Werewolf by Night ignores the MCU entirely, and that’s a good thing
As long as you know what you’re getting into, this is a pretty good watch as we enter the spooky season.
With Halloween fast approaching, Disney+ released Werewolf By Night – the latest instalment in the Marvel Cinematic Universe’s Phase Four, on Oct 7.
Unlike the other entries in Phase Four though, Werewolf By Night isn’t a series or movie. It’s a one-hour special that’s completely disconnected from the rest of the MCU, and takes place in an unfamiliar setting with brand-new characters.
After the death of revered monster hunter Ulysses Bloodstone, six elite monster hunters gather in hopes of inheriting his Bloodstone – said to be the strongest weapon against monsters. Werewolf by Night follows them as they embark on a hunt like no other, risking their own lives to obtain his power.
The special is shot almost entirely in black and white, harkening back to classic horror movies like Dracula (1931) and Psycho (1960). It kicks off with campy shrieks and vintage-esque film distortions, cueing us in that we’re in for something kitschy and entirely unlike modern Marvel titles.
We follow Jack (played by Gael Garcia Bernal) as he enters the Bloodstone Temple and meets the rest of the hunters vying for the Bloodstone. Before the hunt can begin, Ulysses’ disgraced daughter Elsa (Laura Donnelly) crashes the ceremony and is begrudgingly allowed to participate – though she disavowed her birthright to the Bloodstone when she left the family.
Ulysses’ widow tells them they will be hunting a terrifying beast, and that the winner will be whoever can grab the Bloodstone which has been attached to it.
As they enter the hunt, something notable is the silence, which leaves viewers on the edge of their seat from the moment the contenders enter Bloodstone’s garden to begin the hunt.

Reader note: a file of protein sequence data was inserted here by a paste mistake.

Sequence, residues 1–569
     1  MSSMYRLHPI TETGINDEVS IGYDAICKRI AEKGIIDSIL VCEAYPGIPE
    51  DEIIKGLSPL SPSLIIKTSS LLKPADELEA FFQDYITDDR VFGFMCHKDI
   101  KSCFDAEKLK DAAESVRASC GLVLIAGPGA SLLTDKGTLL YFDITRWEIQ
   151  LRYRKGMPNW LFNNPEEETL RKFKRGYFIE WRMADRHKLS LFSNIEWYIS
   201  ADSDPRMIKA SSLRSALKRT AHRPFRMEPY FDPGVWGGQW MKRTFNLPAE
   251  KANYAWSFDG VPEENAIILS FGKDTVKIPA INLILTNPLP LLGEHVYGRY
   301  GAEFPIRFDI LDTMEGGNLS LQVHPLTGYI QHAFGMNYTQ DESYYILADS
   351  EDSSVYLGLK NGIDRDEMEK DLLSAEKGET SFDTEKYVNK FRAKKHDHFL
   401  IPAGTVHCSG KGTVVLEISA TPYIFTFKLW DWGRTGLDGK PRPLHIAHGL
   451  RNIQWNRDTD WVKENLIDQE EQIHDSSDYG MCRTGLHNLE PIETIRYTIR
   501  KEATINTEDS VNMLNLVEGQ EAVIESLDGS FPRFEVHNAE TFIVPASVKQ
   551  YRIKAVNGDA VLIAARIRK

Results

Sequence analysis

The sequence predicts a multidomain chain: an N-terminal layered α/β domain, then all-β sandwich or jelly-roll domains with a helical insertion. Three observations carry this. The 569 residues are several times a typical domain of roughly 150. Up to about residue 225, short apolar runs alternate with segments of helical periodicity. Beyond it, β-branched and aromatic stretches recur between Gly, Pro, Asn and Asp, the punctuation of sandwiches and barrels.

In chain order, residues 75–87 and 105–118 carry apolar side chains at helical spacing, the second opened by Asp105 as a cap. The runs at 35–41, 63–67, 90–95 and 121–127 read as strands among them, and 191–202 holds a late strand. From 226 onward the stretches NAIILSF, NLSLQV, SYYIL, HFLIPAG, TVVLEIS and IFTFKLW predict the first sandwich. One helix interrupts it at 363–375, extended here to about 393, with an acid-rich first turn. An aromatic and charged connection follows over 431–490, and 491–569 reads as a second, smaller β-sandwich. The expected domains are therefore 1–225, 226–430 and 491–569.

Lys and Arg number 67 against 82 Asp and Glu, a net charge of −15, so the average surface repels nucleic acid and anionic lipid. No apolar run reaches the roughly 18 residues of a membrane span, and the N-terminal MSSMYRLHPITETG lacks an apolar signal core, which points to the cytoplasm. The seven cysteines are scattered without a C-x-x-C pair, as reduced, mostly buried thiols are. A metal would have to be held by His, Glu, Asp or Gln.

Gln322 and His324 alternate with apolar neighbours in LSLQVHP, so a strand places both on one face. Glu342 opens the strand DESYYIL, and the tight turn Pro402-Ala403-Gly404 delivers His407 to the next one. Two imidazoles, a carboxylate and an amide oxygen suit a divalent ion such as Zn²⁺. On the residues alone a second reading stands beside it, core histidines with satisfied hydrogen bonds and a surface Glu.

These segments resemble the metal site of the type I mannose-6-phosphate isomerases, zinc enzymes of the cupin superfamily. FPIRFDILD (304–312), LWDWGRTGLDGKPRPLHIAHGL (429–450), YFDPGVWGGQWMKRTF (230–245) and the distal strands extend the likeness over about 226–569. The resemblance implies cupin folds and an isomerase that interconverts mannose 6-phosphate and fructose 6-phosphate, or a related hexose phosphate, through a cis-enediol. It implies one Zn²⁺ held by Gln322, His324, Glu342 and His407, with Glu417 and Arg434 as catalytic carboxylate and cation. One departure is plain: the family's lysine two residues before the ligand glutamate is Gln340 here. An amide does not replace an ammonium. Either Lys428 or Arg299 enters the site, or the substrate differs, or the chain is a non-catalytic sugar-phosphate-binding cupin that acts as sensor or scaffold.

The six hunters are split up, and tension only mounts as they explore the garden on high alert. Every corner feels like a trap about to spring, and every rustle of the bushes fills you with dread as you wonder if this will be the character that gets killed off first.
However, what starts as a nail-biting, dread-filled introduction to a terrifying situation is abruptly shattered. Marvel shows have a history of undercutting serious moments with comedy, and that unfortunately works against Werewolf by Night as it changes from a high-stakes thriller to an action comedy within minutes.
The genre takes another abrupt shift once one of the hunters is discovered to be a monster in disguise, and the rest of the hunters and Bloodstone family turn against them. From then until its conclusion, Werewolf by Night poses one question: what makes a human so different from a monster?
Since it’s only an hour long, most of the characters are left undeveloped in favour of the overarching story. It becomes very easy to identify characters that will matter to the plot – simply because those that are unimportant are left unnamed.
However, every actor delivers in their own way. The simplicity of the side characters actually lends to the story, as each character’s makeup and demeanour more than convey what kind of role they’re meant to play.
As for named characters like Elsa, Jack, and Ulysses’ widow, their over-the-top performances fall in line with the camp attributed to black and white cinema, making what would feel like “too much” in any other Marvel show just enough for this one.
Since Werewolf By Night is cut off from the mainline MCU, it flourishes as its own self-contained story unburdened by the pressure of its universe. Every moment of the show feels necessary, like it serves this story instead of hinting at ones to come.
Don’t assume that there are zero ties to the MCU, however. In the comics, Elsa Bloodstone is one of Deadpool’s allies and is affiliated with Blade – yes, the same Blade that’s getting his own MCU movie in 2023 and has already been teased in Eternals via Kit Harington’s character.
As the MCU continues to expand through its Disney+ titles, we can only assume Elsa will return soon.
Overall, Werewolf By Night is a fairly well-executed foray into horror, where Marvel has hinted it wants to head towards (see: Doctor Strange in the Multiverse of Madness).
However, if you’re looking to be truly frightened this Halloween, maybe give this one a miss.